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LETTERS : 'Move-Up Buyers'

October 25, 1992

I read with interest California Trends ("Slowdown in Demand by Move-Up Buyers Has Effect on Total Market" Oct. 4). In my opinion, the economist missed the real point as to why the move-up buyer has disappeared from the real estate scene.

From the end of World War II until the latter part of 1989, it seemed axiomatic that home prices in California rise in value over time. And even with a two-year experience of declining prices, expectations for a turnaround continue to be harbored by many property owners and real estate brokers.

Granted there is a small segment of the real estate market that is represented by those seniors leaving the state for personal economic reasons; also the recessionary state of the California economy is a contributor to the stagnation of the current residential real estate market. But perhaps an examination of the economic patterns of the past will provide a focus on the primary reason for the lack of move-up buyers.

Past trends for young first-time buyers required scraping up a down payment, usually saved, borrowed from family or subsidized by VA or FHA. Over time their property increased in value as their incomes increased. Thus, inflation enabled the move-up buyer" to not only increase the amount of money he or she could place on a down payment through the sale of their house, but inflation also contributed to the amount of debt he or she could shoulder through salary increases. Consequently, as housing prices rose, there was a demand for move-up homes from this market of existing homeowners.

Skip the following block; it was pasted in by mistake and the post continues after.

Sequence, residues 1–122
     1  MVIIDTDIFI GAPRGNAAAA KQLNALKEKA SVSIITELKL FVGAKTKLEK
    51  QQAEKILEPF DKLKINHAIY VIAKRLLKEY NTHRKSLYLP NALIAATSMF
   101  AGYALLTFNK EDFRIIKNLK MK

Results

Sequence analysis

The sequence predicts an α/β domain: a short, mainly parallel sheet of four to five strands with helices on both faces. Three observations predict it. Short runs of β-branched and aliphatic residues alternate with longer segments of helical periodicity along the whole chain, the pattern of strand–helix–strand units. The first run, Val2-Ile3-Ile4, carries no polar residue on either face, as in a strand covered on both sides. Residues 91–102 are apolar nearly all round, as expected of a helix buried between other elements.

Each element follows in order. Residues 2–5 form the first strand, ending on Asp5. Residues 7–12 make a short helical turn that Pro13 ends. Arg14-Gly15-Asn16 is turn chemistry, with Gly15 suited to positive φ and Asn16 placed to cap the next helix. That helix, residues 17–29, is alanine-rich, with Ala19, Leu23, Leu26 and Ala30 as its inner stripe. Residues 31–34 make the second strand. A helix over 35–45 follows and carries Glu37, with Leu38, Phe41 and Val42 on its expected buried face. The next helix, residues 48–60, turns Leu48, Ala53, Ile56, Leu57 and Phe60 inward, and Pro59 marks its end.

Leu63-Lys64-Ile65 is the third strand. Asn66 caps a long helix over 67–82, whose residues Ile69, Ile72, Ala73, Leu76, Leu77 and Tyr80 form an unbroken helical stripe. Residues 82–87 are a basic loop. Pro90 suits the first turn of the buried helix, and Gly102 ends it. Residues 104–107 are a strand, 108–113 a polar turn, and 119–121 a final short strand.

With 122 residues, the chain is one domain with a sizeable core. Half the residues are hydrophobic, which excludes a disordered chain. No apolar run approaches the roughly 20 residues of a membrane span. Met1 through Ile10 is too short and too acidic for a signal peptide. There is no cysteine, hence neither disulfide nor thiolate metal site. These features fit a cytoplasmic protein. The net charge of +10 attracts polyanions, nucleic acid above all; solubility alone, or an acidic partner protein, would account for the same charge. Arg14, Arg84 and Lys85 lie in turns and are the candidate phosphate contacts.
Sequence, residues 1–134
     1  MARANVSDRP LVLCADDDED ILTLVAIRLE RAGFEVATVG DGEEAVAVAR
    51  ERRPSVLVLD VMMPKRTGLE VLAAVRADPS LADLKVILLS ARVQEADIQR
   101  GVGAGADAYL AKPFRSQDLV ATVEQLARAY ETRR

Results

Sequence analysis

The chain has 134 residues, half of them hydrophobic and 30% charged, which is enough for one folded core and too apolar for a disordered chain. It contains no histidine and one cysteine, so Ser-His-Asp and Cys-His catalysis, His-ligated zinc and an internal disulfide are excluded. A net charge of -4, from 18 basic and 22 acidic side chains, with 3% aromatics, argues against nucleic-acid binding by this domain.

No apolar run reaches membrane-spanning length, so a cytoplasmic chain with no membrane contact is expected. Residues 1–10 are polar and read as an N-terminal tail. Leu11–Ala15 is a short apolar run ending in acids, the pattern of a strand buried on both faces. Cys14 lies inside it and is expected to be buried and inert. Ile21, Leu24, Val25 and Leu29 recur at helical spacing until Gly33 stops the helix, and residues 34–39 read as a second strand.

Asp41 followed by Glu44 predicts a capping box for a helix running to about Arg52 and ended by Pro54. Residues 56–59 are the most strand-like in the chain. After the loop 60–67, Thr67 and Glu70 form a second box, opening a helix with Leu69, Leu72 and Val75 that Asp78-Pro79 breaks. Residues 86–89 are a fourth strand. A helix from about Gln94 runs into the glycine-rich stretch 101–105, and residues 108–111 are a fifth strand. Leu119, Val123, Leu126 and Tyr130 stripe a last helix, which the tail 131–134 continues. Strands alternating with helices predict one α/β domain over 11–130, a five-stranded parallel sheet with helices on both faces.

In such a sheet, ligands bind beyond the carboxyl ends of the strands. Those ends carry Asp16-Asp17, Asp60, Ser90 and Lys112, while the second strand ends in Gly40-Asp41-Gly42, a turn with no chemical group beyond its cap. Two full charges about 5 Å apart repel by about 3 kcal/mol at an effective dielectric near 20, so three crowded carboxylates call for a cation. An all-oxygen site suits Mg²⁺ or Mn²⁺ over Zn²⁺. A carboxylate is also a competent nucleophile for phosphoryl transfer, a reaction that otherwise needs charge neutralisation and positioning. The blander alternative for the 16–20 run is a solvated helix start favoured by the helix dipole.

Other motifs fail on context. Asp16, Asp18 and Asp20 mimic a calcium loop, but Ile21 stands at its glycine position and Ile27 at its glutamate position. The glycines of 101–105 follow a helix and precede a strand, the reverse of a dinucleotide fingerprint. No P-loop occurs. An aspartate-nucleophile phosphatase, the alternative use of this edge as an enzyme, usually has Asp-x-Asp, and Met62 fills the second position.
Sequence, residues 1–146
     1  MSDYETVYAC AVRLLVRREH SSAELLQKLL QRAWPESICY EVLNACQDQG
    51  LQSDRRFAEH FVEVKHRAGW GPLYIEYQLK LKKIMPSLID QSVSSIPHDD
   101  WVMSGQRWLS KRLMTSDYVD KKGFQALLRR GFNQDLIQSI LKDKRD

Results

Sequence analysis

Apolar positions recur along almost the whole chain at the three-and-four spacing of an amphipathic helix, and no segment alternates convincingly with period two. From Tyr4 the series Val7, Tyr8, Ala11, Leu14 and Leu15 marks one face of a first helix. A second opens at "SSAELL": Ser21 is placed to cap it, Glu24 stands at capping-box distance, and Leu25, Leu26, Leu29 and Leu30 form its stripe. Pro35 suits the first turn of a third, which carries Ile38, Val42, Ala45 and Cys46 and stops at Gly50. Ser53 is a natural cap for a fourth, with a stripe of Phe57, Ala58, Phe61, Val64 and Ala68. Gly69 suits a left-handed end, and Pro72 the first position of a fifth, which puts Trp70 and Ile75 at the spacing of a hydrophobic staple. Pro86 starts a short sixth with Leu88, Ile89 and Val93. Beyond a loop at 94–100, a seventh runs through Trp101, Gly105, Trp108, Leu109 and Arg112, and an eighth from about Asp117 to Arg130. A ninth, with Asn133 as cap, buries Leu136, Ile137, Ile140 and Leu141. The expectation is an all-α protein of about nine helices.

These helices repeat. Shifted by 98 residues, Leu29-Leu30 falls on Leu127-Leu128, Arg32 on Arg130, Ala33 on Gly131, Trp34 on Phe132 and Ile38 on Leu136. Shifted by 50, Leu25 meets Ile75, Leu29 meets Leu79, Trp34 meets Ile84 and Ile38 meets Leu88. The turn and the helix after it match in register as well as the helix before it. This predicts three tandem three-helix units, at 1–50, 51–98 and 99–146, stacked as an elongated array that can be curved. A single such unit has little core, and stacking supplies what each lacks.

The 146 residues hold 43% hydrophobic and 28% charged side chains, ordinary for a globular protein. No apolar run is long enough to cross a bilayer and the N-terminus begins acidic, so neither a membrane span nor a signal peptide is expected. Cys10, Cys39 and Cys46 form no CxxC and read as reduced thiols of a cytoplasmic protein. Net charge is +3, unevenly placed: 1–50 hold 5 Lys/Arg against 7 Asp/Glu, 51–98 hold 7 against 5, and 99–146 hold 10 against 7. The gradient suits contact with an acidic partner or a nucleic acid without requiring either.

In the buying frenzy of the late 1980s, the California residential real estate market resembled the "pyramid schemes" of the 1970s--those who bought in at the end of the run saw their perceived equities dissipate to a point that in many cases more is owed than their property is worth. This is one factor that has contributed to the savings and loan debacle.

The real estate market is a curious duck as markets go. In the commodity and stock markets, massive amounts of product, share or debt are traded on a daily basis; this opposed to a residential real estate market that is measured by three or four houses selling in a neighborhood over maybe a year's time.

Probably the biggest fallacy advanced by brokers and believed by homeowners over the years was that trading up would ensure a major contribution to retirement. And for many years, it was the case; back to the pyramid schemes, there were people who walked off with the cash.

The point of this thumbnail sketch of the California residential real estate market is that the capital formation provided by inflation is gone. Where is the typical "move-up buyer" going to acquire the necessary capital to satisfy a down payment of a larger home if his or her existing home has lost its equity? There are a few, no doubt, that will hit it in the stock market, win the lottery or improve on the mousetrap. But these numbers are surely smaller than during times past when a night's sleep in an owned home contributed to a "move up."

CHARLES P. FOX

San Clemente

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